• Original T.C. says:

        Sorry @EM, you are still in the past. Movies with POC DID make money this year. More than the other films nominated AND they had critics backing their performance. Time to come up with another excuse.

        I’m not watching this year. Chris Rock jokes will be funny but those at the show could not care less, they will enjoy themselves and laugh at the jokes.

      • WTW says:

        @Em “Straight Outta Compton” not only topped the box office for weeks, but after its success, another movie with a black cast, “War Room,” topped the box office. If an independent Christian film with black leads can top the box office, any number of films with people of color can. Blacks come out en masse to support movies. They make up a larger share of moviegoers than their share of the U.S. population. I think Latinos are also pretty avid filmgoers.

      • Farhi says:

        The point about international appeal is very valid. The Hollywood movies which sell well in the foreign markets are usually action movies with big headline stars.

        Just for comparison – Martian made 60% of its box office in foreign markets ( 307MM foreign vs. 227MM domestic). SOC made 20% of the box office in the foreign markets (40MM foreign vs. 160MM domestic).
        You can see that the domestic intake is of the same magnitude between SOC and Martian but the foreign box office makes a huge difference.

        For POC actors to have more opportunities, not only the US needs to be more accepting of diversity but also the rest of the world.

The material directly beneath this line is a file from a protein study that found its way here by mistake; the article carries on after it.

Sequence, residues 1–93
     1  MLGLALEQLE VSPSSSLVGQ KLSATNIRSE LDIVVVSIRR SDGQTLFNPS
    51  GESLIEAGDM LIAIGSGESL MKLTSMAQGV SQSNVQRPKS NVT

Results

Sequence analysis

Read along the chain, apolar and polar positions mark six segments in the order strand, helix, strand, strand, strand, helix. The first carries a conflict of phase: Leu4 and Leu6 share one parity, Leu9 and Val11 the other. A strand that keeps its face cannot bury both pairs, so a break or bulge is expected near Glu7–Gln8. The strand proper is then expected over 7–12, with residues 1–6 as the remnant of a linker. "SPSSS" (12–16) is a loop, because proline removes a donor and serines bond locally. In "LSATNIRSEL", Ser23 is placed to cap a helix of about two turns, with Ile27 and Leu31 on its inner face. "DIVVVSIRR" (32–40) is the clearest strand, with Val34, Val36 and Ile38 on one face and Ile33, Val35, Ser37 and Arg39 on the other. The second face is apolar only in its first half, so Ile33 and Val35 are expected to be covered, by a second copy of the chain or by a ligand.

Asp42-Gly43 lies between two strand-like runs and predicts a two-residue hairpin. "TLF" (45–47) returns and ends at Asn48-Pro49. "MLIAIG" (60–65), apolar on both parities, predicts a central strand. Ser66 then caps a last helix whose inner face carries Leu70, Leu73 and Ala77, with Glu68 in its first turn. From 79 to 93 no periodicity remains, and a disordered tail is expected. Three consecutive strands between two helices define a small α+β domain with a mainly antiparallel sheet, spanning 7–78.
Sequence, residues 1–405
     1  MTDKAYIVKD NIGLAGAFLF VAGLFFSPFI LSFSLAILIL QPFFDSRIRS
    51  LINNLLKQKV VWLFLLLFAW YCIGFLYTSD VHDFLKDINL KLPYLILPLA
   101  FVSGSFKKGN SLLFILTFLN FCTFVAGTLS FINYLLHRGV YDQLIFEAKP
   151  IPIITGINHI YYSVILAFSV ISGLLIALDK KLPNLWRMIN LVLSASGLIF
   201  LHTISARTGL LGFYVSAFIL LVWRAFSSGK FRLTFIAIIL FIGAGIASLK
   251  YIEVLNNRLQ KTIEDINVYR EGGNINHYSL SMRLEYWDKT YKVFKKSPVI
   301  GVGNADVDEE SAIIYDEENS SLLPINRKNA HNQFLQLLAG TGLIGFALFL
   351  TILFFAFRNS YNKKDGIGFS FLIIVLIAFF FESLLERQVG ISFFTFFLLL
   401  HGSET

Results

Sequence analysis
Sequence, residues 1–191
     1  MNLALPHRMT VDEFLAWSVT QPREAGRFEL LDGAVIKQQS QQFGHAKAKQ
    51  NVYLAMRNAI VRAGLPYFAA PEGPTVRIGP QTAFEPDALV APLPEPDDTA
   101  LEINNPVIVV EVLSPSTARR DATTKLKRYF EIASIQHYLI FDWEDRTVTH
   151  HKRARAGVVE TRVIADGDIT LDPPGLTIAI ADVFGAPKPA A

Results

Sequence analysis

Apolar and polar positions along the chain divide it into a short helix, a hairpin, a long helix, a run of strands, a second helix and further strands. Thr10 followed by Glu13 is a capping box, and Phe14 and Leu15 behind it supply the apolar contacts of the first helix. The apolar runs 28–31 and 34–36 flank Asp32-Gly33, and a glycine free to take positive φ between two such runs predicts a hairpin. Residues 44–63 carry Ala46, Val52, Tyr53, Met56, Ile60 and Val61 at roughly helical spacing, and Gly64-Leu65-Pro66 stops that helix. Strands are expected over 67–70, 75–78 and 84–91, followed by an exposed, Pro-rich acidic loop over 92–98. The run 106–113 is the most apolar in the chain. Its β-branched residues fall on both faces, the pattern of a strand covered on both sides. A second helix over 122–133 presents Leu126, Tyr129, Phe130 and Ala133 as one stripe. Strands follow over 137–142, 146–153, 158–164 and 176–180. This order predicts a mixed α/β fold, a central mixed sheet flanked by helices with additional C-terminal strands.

• Dangles says:

      As I said the other day,, when Rock comes out to do his opening bit he should announce that he can’t be part of it and then just walk off the stage. That’d be way more powerful than him presenting the show and cracking jokes about how white the Oscars are. In a way cracking jokes about it whilst still being part of it trivializes the seriousness of the problem. But you never know, Leo might surprise a few people on the night and either not turn up or not accept the award he’s “so desperate’ to get.

      • imqrious2 says:

        That would also end Rock’s career on the spot. Would that make a statement? HELL YEA! But, I don’t think he’d be willing to do that.

        As for Leo, he’s waaaaaaaaaay too thirsty to not come for his turn at the fountain.

      • Lille says:

        I agree with WR…. International investors are probably a huge part of this problem. Lots of other countries are way behind us when it comes to racism- and even when they aren’t purely racist, they don’t identify as much with a movie with a black lead, because many of them don’t have experience with that race or culture. (I am not saying that is as it should be, just pointing out what I have observed living in Asia.)